27 Feb Fried Salmon with Cornmeal Crust
Fried Salmon with Cornmeal Crust
Here is another signature recipe from the webmaster. I must admit, this is one of my favorite ways to prepare salmon. Don’t think that because the fish is fried that it will be greasy. If you heat the oil properly before putting the fish into the skillet, the oil will seal the surface of the fish and create a crispy crust so that the oil will not penetrate the fish.
•4 salmon fillets or steaks, about 8 to 10 ounces each, about 1 inch thick.
•Corn meal seasoning (see below).
•Cooking oil, peanut oil preferred.
•4 Tbsp. butter.
•4 Tbsp. finely chopped fresh parsley.
•1 lemon, quartered.
Seasoned Corn Meal Breading:
•1 lb. yellow corn meal
•1 tsp. salt
•1 tsp pepper
•1 tsp. cayanne
•1 tsp. paprika
•1 tsp. garlic powder
•1 tsp. onion powder
•Other spices as desired
•2 Tbsp. all purpose flour
•2 Tbsp. corn starch
Combine all of the ingredients above into a large zip lock bag. You may refrigerate it for storage and future use. Remove any skin from fish fillets, if necessary, before coating. Drop the fillets or steaks into the zip lock bag with corn meal breading and zip the bag closed. Shake to coat all of the pieces and then transfer to the skillet with hot oil.
Heat oil, about 1/4 inch deep, in a large skillet over medium high heat. Test the oil for temperature by dropping a drop of water into the oil before heating. When the water stops “popping,” from the water evaporating, the oil is the correct temperature for cooking the fish. Do not overheat the oil to the smoking point!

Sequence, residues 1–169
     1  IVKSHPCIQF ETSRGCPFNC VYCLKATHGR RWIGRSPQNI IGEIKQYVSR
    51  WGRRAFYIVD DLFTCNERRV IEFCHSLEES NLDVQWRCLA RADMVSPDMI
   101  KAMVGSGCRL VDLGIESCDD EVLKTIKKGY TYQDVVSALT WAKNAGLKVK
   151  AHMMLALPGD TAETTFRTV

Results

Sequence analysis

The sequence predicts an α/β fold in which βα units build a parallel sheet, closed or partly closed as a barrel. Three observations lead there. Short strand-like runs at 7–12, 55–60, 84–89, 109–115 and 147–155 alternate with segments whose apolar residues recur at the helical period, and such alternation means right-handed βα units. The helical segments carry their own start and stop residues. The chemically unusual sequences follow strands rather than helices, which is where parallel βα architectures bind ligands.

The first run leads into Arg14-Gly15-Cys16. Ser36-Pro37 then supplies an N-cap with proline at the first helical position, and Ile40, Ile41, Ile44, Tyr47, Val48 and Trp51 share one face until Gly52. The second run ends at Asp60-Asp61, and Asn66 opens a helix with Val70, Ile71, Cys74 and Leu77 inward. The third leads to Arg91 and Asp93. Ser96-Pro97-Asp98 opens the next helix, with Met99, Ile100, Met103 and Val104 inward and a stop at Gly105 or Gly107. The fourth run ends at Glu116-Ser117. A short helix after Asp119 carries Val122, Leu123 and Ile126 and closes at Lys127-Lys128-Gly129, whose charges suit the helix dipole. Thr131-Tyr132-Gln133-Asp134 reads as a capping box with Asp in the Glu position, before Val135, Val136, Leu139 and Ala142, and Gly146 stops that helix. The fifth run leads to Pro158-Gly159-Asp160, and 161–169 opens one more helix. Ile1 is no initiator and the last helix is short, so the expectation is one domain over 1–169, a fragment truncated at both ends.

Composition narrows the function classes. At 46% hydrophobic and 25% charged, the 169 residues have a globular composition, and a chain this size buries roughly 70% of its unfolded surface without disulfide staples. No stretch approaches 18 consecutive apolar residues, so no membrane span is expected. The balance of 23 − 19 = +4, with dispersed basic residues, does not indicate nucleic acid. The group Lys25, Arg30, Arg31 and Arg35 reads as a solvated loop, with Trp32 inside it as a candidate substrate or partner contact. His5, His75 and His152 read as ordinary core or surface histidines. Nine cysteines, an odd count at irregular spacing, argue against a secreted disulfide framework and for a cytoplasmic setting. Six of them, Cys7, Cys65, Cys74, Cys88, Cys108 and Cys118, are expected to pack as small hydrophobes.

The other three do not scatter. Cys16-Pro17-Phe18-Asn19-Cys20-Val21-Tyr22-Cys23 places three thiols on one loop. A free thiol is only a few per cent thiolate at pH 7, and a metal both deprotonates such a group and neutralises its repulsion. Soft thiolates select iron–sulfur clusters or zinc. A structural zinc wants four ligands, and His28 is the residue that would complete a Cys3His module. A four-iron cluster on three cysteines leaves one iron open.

Carefully place the corn meal breaded salmon into the hot oil, and reduce the heat to medium-high. Check the fish about 3 minutes into the process to make sure it isn’t burning on the surface. A little blackening is okay and adds flavor, but don’t let the crust burn. When it appears that the salmon has cooked about half way through, about 5 to 7 minutes, turn the fillets carefully and cook for an additional 5 minutes. The fillets should have a golden brown crust with a little blackening on the surface. Do not overcook!
Remove the fillets from the skillet and immediately top with a tablespoon of butter. Serve on individual serving plates. Garnish with chopped parsley and a lemon wedge. A hollandaise or bernaise sauce would be good on the side.
Comment: May people think that if food is fried, then it must be greasy. This simply isn’t true. If the oil is at the proper temperature when the food is immersed, the surface of the food will form a seal, trapping moisture inside, and little or no oil we be absorbed. Fried food can be very moist and not greasy at all when prepared correctly. The key is to make sure that the oil is hot enough to form a seal, and that any coating or seasoning aids in the sealing process.